In the problem of learning a {\em mixture of linear classifiers}, the aim is to learn a collection of hyperplanes from a sequence of binary responses. Each response is a result of querying with a vector and indicates the side of a randomly chosen hyperplane from the collection the query vector belong to. This model provides a rich representation of heterogeneous data with categorical labels and has only been studied in some special settings. We look at a hitherto unstudied problem of query complexity upper bound of recovering all the hyperplanes, especially for the case when the hyperplanes are sparse. This setting is a natural generalization of the extreme quantization problem known as 1-bit compressed sensing. Suppose we have a set of $\ell$ unknown $k$-sparse vectors. We can query the set with another vector $\boldsymbol{a}$, to obtain the sign of the inner product of $\boldsymbol{a}$ and a randomly chosen vector from the $\ell$-set. How many queries are sufficient to identify all the $\ell$ unknown vectors? This question is significantly more challenging than both the basic 1-bit compressed sensing problem (i.e., $\ell=1$ case) and the analogous regression problem (where the value instead of the sign is provided). We provide rigorous query complexity results (with efficient algorithms) for this problem.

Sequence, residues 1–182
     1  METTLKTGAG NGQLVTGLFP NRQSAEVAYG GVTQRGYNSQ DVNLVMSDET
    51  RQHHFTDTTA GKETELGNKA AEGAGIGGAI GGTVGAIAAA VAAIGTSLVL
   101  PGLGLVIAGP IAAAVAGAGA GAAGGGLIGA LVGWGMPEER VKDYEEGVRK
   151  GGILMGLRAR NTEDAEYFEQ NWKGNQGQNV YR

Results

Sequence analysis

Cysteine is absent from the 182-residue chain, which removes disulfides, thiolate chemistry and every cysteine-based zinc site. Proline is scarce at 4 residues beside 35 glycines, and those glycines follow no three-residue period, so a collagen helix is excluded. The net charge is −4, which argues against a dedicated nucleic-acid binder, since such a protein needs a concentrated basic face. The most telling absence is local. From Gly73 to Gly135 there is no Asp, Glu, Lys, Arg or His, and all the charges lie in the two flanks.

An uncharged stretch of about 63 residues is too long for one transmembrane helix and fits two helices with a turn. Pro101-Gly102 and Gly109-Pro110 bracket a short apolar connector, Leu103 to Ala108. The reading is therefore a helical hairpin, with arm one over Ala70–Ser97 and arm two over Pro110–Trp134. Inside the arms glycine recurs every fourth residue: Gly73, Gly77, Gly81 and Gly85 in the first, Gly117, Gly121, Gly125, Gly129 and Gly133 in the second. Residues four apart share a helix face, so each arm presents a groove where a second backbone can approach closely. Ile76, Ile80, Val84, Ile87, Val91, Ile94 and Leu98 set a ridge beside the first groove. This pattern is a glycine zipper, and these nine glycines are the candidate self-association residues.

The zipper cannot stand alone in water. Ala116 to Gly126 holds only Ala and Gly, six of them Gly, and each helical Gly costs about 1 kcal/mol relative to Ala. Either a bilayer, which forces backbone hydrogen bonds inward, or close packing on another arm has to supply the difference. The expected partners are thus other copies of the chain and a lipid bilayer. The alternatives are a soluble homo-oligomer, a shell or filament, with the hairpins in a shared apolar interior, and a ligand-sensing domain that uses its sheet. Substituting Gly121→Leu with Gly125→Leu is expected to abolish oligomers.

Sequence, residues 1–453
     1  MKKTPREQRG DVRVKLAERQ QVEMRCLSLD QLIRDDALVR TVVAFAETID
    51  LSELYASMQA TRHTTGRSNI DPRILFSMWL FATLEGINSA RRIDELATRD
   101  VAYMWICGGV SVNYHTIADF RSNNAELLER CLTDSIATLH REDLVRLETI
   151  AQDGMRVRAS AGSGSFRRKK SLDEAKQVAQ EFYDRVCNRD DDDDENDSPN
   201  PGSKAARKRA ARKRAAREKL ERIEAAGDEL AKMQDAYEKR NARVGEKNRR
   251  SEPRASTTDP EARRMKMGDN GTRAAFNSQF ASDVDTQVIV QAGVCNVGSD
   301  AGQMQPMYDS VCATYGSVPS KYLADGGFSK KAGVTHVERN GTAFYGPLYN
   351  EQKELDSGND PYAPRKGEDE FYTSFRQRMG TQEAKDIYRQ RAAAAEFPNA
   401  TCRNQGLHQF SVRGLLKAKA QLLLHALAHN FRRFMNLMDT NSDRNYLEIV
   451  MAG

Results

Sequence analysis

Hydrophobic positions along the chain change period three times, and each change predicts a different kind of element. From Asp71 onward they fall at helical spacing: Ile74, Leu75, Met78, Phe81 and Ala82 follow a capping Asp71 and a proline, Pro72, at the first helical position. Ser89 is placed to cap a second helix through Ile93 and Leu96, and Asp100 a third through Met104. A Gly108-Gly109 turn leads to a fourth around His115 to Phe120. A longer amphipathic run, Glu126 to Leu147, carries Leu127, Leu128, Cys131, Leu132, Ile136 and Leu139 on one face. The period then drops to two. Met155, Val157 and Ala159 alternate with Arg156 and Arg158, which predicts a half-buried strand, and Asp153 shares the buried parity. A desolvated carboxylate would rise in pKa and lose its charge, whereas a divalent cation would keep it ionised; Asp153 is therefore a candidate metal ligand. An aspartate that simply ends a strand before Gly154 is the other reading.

Speakers: Venkata Gandikota, Arya Mazumdar, Soumyabrata Pal